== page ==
Fee move for non-Scots university students
Scottish universities will be able to charge annual fees of up to £9,000 for students coming to study from other parts of the UK, under new plans.
Mike Russell, the Scottish education secretary, outlined proposals to allow higher education institutions to set their own fees, which would be capped.
The move came after English universities got the go-ahead to charge up to £9,000 for tuition.
Residents of Scotland studying at home will not pay any fees.
Amid concerns over "fee refugees" heading north of the border to study, Mr Russell said Scottish university places for Scottish students must be protected.
NUS Scotland strongly attacked the government's decision, claiming Scotland could become the UK's most expensive place to study for students from England, Wales and Northern Ireland.
And opposition parties in Scotland said the move was an attack on students from the rest of the UK.
In a statement to the Scottish Parliament, the education secretary said he had launched a consultation on legislation allowing universities to set their own fees for students from the rest of the UK from 2012-13.
The move would then be followed by new legislation to cap fees at £9,000 a year from 2013-14 onwards.
Degrees on some Scottish campuses could become the most expensive in the UK.
As the courses last for four years here the total bill could be £36,000 - well above the maximum of £27,000 in England and Wales.
Edinburgh and St Andrews, which attract high numbers from south of the border, say they're looking at the proposal.
Some think it would not deter those used to paying private school fees of up to £30,000 a year.
But there's concern it may deter applicants from less well off homes. Universities say they are considering trying to overcome this issue by providing extra bursaries.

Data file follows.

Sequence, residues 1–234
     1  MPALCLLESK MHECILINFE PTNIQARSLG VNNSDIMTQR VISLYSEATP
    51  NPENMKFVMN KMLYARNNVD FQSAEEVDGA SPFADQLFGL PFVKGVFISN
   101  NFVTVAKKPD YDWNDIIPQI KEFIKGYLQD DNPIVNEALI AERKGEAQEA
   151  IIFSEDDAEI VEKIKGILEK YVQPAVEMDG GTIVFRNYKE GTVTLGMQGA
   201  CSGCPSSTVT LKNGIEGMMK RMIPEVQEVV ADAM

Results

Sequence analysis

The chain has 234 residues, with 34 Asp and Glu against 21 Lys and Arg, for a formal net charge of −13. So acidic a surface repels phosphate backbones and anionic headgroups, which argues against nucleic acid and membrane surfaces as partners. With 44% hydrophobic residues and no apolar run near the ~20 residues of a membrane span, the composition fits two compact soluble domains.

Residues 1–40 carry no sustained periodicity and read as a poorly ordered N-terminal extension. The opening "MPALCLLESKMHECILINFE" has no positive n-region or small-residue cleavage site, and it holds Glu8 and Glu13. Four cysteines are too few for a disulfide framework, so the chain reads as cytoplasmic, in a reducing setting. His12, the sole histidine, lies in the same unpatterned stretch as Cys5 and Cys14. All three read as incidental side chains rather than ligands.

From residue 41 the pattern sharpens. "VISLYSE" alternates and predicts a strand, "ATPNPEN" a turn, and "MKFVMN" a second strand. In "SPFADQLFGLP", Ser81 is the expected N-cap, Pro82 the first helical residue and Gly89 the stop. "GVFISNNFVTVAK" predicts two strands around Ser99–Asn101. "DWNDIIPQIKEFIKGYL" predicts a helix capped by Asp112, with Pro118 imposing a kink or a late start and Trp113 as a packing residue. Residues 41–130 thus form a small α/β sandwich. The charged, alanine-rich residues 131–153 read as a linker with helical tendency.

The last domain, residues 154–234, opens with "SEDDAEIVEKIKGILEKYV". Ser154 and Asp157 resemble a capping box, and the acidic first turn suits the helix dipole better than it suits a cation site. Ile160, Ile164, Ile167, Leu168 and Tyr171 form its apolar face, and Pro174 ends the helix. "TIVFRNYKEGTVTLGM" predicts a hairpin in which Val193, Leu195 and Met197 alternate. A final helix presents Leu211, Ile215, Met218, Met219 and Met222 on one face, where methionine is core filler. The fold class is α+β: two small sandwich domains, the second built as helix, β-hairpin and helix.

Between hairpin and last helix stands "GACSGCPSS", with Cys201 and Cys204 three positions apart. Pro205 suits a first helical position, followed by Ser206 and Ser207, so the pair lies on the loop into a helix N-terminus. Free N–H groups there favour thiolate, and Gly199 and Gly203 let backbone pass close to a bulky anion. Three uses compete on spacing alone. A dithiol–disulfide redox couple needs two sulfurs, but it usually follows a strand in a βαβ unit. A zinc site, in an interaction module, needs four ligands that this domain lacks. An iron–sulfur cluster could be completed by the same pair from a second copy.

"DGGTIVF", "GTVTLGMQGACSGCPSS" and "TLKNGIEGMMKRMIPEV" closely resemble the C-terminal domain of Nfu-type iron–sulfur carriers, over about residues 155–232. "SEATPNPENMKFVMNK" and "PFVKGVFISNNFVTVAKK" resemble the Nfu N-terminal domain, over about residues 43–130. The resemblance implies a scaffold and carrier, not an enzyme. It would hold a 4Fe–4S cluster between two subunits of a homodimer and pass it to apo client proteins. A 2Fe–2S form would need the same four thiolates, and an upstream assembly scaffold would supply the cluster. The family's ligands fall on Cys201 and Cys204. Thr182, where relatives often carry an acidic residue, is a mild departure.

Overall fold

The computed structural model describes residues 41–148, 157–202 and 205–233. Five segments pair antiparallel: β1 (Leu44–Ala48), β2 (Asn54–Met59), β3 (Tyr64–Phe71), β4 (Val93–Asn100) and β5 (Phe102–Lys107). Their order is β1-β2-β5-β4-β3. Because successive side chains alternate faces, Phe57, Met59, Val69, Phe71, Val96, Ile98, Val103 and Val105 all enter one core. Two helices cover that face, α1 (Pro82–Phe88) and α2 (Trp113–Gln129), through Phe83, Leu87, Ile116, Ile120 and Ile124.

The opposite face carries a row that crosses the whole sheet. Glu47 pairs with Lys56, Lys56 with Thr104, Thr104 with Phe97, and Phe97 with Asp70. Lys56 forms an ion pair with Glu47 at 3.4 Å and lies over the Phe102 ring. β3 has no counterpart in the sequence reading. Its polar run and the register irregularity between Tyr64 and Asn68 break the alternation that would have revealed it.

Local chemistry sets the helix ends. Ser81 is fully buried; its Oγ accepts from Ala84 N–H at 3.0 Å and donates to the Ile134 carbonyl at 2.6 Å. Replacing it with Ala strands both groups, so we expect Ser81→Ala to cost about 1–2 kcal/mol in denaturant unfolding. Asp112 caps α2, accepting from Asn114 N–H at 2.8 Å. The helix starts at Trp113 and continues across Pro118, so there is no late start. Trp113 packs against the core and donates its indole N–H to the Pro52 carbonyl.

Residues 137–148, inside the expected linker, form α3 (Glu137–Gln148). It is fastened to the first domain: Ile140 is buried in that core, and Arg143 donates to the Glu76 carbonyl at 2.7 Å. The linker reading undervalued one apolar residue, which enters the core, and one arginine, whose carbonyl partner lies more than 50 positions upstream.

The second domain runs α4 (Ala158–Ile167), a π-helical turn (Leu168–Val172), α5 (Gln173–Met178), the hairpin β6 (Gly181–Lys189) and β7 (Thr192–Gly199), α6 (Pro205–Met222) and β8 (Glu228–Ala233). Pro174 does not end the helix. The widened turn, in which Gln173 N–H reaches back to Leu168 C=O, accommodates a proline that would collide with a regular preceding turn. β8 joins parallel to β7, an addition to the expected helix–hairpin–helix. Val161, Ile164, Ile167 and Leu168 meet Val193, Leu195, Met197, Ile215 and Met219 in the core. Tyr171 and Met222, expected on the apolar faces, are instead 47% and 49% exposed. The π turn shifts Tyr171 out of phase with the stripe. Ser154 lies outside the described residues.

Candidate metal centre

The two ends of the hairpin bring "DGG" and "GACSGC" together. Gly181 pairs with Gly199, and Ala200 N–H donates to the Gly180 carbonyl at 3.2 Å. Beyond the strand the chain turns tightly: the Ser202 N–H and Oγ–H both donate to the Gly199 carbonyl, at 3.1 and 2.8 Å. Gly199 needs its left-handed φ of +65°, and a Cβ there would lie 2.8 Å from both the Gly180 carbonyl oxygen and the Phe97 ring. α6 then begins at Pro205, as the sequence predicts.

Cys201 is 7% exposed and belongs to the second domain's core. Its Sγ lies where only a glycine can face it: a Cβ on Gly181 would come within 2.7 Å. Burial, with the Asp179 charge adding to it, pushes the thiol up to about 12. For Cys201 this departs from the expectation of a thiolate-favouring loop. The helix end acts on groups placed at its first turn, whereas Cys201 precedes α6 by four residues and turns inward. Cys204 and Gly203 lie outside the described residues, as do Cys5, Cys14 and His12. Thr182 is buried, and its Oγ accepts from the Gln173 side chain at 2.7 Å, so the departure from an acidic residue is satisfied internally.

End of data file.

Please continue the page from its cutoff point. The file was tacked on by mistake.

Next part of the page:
Less well known universities are unlikely to attempt charging top whack.
The National Union of Students is accusing the Scottish Government of double standards in vetoing fees for Scots but charging high fees to those from England, Wales and Northern Ireland.
Mike Russell, the education secretary, says he needs to act to prevent a flood of applications from "fee refugees" facing high charges in their home countries.
Mr Russell said Scottish universities would be free to set fees of between £1,800 and £9,000 for other UK students, but said he expected levels to be lower than those south of the border.
A working group set up by the Scottish government and higher education body Universities Scotland has pointed to an average figure of £6,375.
Mr Russell said: "Scotland has and always will welcome students from all over the world to our universities.
"However, the decisions being taken in England could threaten the quality and competitiveness of our universities.
"We cannot allow Scotland to no longer be the best option and instead be known as the cheap option - we also must protect places for Scottish students."
Mr Russell added: "We are providing clarity for potential students from the rest of the UK that making the positive choice to study in Scotland will not cost more than it does in their home nation."